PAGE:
86 FR 44774: Under the Inpatient Prospective Payment System (“IPPS”) final rule, CMS estimates that, overall, hospitals that report quality data and are meaningful users of electronic health records (“EHRs”) will see a 2.5 percent increase in Medicare rates for 2022.  CMS expects that hospital payments will increase by an aggregate $2.3 billion.  An add‑on payment for COVID‑19 treatment through the end of the fiscal year in which the public health emergency ends also was finalized under the rule.

Additionally, CMS has added five new measures to the Inpatient Quality Reporting Program, including COVID‑19 vaccination rates among health care personnel and a maternal morbidity structural measure.  CMS also finalized changes to the interoperability program to reduce the burden on eligible hospitals and critical access hospitals, including an increase to the minimum required score for the objectives and measures from 50 to 60 points (out of 100 points) to be considered a meaningful EHR user.

Skilled Nursing Facilities

86 FR 42424: The final rule increases payments to skilled nursing facilities (“SNFs”) by 1.2 percent in 2022.  CMS estimates that the overall economic impact will be a $410 million increase in Medicare Part A payments to SNFs in 2022.  Additionally, the final rule requires SNFs to report the COVID‑19 vaccination status of their employees to the Centers for Disease Control and Prevention’s National Healthcare Safety Network on a weekly basis.

Hospices

86 FR 42528: Under the final rule, hospices will see a 2 percent increase in payments for 2022, which CMS estimates to be $480 million, as well as an increase to the cap that limits the amount of payments a hospice receives per patient annually to $31,297.61.  CMS also will implement a new measure for the Hospice Quality Reporting Program called the Hospice Care Index, which has 10 indicators of quality that are calculated from the claims data.  Moreover, the final rule makes permanent several waivers issued during the COVID‑19 pandemic, including a waiver that allowed the use of pseudo‑patients for hospice aide competency testing.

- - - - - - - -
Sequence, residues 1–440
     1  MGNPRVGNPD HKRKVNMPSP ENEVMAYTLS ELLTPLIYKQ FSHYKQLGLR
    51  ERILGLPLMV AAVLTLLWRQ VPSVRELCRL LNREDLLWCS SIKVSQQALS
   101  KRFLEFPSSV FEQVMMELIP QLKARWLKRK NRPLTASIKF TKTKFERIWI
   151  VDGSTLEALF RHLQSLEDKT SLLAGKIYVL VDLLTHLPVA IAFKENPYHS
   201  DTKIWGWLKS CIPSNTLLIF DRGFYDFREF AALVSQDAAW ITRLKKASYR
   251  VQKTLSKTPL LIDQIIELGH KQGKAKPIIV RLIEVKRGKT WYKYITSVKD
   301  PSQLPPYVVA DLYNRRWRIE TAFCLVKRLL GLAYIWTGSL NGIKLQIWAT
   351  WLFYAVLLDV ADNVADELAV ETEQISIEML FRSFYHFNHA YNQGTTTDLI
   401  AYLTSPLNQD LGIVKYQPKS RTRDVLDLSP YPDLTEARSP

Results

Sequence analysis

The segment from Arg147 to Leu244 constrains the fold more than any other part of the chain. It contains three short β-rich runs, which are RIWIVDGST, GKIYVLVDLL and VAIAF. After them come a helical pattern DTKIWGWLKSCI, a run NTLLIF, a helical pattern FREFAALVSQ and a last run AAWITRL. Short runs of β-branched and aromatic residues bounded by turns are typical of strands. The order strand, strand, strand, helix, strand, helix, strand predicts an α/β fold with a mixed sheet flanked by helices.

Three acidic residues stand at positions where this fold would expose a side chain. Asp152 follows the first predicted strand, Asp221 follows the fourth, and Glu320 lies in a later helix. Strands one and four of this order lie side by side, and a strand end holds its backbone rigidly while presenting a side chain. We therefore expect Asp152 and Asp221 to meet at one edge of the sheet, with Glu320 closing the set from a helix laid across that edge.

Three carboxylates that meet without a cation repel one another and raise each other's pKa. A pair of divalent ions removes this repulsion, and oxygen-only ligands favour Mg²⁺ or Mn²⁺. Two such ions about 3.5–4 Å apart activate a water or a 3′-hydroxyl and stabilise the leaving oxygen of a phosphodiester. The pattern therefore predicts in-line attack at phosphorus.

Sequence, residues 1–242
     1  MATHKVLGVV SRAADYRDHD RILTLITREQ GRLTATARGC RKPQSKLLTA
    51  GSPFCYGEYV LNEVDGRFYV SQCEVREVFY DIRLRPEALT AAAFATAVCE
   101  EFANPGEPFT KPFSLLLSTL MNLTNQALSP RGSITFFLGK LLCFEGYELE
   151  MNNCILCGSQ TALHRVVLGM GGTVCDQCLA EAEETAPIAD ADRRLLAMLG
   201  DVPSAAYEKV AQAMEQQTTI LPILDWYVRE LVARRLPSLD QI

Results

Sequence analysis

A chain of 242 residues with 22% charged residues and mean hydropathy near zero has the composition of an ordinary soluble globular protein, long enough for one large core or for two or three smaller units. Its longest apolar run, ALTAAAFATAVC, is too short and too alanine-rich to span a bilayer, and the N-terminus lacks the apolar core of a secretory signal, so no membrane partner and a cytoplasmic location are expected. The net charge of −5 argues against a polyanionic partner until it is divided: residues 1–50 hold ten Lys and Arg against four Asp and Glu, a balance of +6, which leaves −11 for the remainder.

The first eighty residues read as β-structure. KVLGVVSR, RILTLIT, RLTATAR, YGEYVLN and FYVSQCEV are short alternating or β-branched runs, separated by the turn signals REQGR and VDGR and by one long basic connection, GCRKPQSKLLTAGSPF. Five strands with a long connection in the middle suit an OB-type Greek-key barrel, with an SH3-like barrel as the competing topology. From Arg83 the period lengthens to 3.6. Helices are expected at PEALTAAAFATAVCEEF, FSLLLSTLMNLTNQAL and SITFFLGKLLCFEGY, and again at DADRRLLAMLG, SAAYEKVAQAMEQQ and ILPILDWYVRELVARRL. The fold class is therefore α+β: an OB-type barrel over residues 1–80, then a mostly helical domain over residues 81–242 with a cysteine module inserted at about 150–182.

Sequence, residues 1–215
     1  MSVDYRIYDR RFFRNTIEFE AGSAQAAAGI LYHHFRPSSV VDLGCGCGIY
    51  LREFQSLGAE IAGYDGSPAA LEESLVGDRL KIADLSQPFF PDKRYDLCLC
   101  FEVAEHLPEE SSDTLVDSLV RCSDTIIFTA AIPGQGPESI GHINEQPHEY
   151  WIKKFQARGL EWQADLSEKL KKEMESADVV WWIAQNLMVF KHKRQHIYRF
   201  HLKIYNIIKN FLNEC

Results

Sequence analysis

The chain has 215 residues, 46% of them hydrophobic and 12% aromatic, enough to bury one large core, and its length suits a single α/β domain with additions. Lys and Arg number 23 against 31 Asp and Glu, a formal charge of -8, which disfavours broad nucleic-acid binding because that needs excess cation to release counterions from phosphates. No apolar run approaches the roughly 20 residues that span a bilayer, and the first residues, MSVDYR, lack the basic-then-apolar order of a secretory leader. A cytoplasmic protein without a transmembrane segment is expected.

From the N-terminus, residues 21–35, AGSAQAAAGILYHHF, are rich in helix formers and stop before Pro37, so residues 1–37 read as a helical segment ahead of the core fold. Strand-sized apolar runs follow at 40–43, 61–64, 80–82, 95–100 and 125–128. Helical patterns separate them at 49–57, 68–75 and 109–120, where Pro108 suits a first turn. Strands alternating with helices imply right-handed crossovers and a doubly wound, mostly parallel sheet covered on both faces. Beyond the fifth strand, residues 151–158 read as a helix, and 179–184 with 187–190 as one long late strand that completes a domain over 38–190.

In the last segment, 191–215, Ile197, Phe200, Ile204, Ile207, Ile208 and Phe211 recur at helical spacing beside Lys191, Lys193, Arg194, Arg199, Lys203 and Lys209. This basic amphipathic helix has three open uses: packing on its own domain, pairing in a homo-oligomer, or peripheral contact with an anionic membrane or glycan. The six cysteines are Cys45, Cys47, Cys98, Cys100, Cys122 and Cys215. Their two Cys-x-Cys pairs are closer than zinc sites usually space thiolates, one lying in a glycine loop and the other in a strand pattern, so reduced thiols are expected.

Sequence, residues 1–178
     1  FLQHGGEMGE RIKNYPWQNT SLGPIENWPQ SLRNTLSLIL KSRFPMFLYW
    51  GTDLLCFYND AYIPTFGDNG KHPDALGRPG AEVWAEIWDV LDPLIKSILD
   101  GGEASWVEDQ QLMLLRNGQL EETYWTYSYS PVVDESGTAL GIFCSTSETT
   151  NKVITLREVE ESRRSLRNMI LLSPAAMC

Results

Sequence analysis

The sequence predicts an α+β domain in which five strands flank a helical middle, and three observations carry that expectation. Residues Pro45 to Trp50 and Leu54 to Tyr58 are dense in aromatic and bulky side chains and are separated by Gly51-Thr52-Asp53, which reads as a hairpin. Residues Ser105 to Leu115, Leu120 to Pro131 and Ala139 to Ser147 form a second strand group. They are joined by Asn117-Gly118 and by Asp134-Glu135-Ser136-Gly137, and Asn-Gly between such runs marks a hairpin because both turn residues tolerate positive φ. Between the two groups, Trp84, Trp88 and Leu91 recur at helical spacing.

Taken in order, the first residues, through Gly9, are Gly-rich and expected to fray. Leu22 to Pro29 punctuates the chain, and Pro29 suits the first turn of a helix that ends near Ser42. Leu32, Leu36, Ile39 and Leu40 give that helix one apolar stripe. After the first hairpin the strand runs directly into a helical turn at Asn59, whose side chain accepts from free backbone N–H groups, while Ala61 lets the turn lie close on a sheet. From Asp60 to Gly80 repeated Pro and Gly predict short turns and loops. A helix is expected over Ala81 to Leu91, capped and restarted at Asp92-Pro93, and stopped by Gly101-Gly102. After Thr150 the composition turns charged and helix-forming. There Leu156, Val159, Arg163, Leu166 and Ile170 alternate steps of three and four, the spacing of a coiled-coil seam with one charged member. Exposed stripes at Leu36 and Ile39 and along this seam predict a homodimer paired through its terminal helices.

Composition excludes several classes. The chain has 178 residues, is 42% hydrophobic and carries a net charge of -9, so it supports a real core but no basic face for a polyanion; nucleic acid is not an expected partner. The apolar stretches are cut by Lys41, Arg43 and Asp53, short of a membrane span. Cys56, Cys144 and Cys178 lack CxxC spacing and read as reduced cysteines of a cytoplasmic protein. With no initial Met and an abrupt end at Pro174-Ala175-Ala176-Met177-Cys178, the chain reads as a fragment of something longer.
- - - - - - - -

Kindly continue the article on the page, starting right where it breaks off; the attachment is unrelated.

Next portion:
Inpatient Psychiatric Facilities

86 FR 42608: The final rule increases the payment rate for inpatient psychiatric facilities (“IPFs”) by 2 percent in 2022.  CMS estimates that the overall economic impact will be an $80 million increase in payments to IPFs.  Moreover, CMS finalized a policy to ensure that medical residents will not be displaced if their teaching hospital or program closes, preventing them from getting board‑certified.  IPFs will also be required to report the COVID‑19 vaccination status of their employees to the CDC NHSN.

Inpatient Rehabilitation Facilities

86 FR 42362: Under the final rule, there will be a net increase to the payment rate for inpatient rehabilitation facilities (“IRFs”) of 1.5 percent in 2022.  The net increase includes the IRF market basket increase factor of 1.9 percent, less a 0.4 percent decrease in estimated IRF outlier payments.  CMS estimates that the overall payments to IRFs will increase by $130 million in 2022.  Like SNFs and IPFs, IRFs are also required to report the COVID‑19 vaccination status of their employees.